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Masked Deposition of Gallium-Indium Alloys for Liquid-Embedded Elastomer Conductors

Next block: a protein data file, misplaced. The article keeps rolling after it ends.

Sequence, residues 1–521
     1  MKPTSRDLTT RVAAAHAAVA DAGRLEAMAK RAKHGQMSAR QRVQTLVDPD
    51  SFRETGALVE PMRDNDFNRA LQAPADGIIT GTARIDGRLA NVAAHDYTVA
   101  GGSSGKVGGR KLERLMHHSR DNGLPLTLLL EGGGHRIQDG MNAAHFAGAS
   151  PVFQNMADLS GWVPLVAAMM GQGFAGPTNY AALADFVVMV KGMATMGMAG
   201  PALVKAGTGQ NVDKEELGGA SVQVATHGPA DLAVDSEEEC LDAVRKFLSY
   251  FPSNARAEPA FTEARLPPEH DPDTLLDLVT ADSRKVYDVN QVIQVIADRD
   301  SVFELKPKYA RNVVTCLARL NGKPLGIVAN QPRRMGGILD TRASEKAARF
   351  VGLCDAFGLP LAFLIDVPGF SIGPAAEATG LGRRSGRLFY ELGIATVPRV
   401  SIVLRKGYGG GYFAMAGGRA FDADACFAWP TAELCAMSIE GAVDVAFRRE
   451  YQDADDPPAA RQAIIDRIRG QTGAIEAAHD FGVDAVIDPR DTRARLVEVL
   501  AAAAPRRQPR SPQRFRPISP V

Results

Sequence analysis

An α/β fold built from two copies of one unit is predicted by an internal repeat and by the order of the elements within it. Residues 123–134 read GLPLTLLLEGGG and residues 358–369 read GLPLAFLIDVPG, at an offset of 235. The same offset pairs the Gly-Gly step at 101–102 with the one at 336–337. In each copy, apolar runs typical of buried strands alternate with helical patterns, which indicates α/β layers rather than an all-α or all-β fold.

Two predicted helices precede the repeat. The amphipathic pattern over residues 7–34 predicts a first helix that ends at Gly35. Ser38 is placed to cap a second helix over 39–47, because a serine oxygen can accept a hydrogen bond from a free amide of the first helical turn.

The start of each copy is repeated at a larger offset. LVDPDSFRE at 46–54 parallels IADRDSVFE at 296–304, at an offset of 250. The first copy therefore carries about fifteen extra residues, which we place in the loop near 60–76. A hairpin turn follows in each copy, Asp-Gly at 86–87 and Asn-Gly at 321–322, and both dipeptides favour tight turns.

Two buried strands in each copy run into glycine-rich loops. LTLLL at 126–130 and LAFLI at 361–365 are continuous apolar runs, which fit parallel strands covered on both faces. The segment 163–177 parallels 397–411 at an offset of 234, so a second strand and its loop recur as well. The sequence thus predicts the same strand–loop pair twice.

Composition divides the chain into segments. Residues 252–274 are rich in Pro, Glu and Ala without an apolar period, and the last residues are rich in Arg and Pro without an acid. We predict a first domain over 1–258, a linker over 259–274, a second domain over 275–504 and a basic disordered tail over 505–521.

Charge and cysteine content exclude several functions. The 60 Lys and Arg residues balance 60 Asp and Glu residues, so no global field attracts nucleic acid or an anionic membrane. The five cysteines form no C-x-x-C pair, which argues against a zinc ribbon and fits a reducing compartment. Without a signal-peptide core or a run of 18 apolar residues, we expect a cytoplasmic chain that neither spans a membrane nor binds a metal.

A fabrication method is introduced that utilizes masked deposition and selective wetting to produce hyperelastic electronic circuits that are composed of a thin elastomer film embedded with microchannels of liquid-phase gallium-indium (Ga-In) alloy. This method exploits the low melting-point and controllable wetting dynamics of Ga-In alloys, as well as the ability for Ga-In alloys to form irregularly-shaped, free-standing, micrometer-scale structures via gallium surface oxidation. Masked deposition eliminates the need for manual injection filling, which enables certain geometries that cannot be produced by injection and allows for the automated, high-volume production of Ga-In based “liquid-embedded elastomer electronics” (LE3). With this approach, LE3 circuits can be produced with isolated features that have planar dimensions of less than 200 μm and edge-to-edge feature separations as small as 25 μm.

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